Pretty much. It’s only relatively recently research has shown in terms of understanding some of the processing differences, so people with Down syndrome generally find it quite difficult to retain stuff verbally, but actually regarding written word and number span, memory, vs peers, is actually sometimes better than children of the same age. So being shown lines of numbers and being able to write those in response, which is fascinating. And you could play to those strengths. A lot of kids have got better visual memory, etc. Obviously, yeah. So children with Down Syndrome need to be able to use things like Numicon for maths, and visual methods. Reading, and comprehension through the skills that reading gives you, and writing as a result of that, plus the speech therapy, means actually you’re on a much more solid footing for your whole schooling, if done early. There will be difficulties, I won’t deny that, but if you’ve got peers who you’re friends with and they’re growing up with you and you’re included in normal play and relationships, that’s the best way for things to be.
Every year the school says to us ‘oh we’re really surprised’, because she keeps doing stuff they’re not expecting. Even though the school that my daughter goes to has been very, very positive and really tried very hard, and they find it really rewarding because she keeps exceeding their expectations. So she’s dong blended phonics at the moment, she’s in the bottom reading group but she’s doing better than some of her peers who don’t have Down Syndrome, and she’s going to be on Level 1 National Curriculum at the end of Key Stage 1. It can be rewarding for kids in the class and schools generally just in terms of inclusion. She’s just a good member of the class and though she has one-to-one support they’re not hovering near her or sitting on the table next to her and she’s joining in and taking part in the school day.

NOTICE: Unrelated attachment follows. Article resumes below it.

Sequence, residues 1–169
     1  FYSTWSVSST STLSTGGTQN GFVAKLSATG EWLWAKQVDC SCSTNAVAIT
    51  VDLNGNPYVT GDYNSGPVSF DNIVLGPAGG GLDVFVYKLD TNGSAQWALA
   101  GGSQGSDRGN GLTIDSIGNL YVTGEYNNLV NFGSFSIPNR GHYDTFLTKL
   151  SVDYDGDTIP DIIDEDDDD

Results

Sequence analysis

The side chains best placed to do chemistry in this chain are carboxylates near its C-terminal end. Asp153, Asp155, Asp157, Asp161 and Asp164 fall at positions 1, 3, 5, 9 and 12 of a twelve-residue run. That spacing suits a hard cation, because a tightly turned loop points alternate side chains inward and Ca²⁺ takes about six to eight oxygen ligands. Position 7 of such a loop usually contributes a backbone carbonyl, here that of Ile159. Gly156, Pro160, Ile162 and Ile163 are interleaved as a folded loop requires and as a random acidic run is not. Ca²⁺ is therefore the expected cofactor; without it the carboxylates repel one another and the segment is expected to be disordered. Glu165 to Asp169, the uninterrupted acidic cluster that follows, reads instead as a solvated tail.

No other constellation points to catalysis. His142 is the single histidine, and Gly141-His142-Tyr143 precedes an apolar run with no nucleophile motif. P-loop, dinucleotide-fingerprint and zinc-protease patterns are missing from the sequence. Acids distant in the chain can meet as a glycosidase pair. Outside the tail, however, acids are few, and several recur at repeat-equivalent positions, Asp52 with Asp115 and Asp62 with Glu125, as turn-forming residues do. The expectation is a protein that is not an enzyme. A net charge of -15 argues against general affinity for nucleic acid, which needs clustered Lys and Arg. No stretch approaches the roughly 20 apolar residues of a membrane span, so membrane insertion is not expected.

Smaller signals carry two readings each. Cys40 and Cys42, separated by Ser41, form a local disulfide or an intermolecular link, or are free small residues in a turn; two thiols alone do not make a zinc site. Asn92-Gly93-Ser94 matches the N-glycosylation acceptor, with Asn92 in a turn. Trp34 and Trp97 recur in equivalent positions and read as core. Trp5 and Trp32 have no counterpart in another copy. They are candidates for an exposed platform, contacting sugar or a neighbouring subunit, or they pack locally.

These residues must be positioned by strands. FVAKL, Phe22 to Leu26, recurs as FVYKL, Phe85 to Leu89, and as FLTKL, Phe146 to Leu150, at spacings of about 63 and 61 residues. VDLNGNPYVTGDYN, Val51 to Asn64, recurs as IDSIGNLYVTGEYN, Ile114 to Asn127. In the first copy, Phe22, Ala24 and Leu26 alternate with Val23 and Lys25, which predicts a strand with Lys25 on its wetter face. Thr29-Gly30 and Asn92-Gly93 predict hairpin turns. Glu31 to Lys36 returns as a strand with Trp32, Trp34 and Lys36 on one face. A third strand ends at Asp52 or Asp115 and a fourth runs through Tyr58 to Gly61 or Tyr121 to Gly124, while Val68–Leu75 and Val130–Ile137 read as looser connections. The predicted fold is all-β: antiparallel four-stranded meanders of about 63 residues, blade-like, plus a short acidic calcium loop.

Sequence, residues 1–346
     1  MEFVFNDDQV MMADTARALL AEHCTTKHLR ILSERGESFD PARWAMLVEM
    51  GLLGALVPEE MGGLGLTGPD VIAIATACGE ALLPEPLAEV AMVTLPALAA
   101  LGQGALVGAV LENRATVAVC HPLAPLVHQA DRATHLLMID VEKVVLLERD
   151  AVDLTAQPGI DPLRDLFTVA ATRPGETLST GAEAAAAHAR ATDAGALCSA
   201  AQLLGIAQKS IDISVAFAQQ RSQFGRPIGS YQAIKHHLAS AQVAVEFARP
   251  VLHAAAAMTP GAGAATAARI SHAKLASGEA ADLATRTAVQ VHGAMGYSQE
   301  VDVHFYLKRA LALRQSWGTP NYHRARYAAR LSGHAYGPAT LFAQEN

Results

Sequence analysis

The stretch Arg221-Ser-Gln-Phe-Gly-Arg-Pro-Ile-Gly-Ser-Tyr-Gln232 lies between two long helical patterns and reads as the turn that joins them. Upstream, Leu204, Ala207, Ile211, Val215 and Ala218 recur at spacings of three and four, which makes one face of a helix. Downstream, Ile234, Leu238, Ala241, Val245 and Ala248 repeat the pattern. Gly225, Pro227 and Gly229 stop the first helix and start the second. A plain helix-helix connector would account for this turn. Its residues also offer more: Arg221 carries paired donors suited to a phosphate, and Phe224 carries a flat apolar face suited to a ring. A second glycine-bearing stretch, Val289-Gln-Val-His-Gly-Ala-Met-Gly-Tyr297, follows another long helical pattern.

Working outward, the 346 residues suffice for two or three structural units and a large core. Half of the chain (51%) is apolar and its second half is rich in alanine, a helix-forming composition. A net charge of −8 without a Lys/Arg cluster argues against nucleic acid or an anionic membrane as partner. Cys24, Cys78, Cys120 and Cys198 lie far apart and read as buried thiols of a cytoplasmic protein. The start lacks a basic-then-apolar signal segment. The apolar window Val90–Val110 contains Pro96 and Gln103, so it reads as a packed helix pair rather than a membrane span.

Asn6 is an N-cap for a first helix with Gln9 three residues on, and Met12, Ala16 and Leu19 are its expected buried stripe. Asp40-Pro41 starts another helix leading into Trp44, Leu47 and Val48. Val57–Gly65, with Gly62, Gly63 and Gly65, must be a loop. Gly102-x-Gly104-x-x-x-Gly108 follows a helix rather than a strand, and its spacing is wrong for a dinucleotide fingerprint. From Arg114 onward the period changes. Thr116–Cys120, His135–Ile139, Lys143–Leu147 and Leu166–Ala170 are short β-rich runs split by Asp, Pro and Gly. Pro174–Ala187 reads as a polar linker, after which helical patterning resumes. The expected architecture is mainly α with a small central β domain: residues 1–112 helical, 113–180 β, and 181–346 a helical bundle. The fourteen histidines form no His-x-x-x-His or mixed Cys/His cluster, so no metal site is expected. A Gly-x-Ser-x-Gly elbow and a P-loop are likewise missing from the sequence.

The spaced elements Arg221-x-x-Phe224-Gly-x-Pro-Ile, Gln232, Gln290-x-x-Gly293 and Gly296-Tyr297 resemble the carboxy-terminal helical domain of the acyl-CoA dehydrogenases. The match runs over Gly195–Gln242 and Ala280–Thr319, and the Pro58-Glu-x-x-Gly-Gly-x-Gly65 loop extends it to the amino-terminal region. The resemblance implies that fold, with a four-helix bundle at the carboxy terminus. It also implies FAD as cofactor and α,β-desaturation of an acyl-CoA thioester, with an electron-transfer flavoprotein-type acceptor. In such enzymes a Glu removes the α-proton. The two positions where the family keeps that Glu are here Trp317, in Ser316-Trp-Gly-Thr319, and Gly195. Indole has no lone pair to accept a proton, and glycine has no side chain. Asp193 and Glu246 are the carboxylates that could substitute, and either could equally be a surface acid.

But current education policy in the UK is moving in the opposite direction?
Yes, quite. We were seeing examples of where it was improving and teachers saying ‘you know, this isn’t such a bad thing’ and training teachers were getting some exposure to children with special educational needs (SEN). Now it seems to be going in quite the opposite way and there has been an obvious pressure to get away from this apparent ‘bias towards inclusion’, which is farcical from any parents’ experience.
I’ve made a link in the book between this policy and the ideas of being able to move away from a purely state education system. Because I can see it being quite a scary thing for independently run academies and free schools to say we’ve got to deal with all these kids who’ve got some sort of statementing or SEN as defined by the current system (obviously those with learning difficulties are a very small percentage of them).
The new government have brought out a new policy on SEN, right?
One of the reasons I originally rushed the book out was that the white paper was going to come out in September last year, and I wanted to have the book out at the same time, but they’ve delayed that on the basis that they’re doing some trials around the proposals within the paper. They are generally looking at how you would take personal budgets and a whole load of things they’ve talked about over many years, but there are a few authorities that are trialling that with the parents. But there are still requirements under the existing law so they’ve got to be a bit careful about it. I don’t know that there’s been any actual results from that yet. It’s so contentious for them anyway, I’m not sure they wanted to deal with it straight after the disputes with HE.
Final thoughts about political strategy – where to go from here, both for the Down Syndrome community and others already campaigning with them, and broader political forces that you think maybe should make common cause with them, such as the left?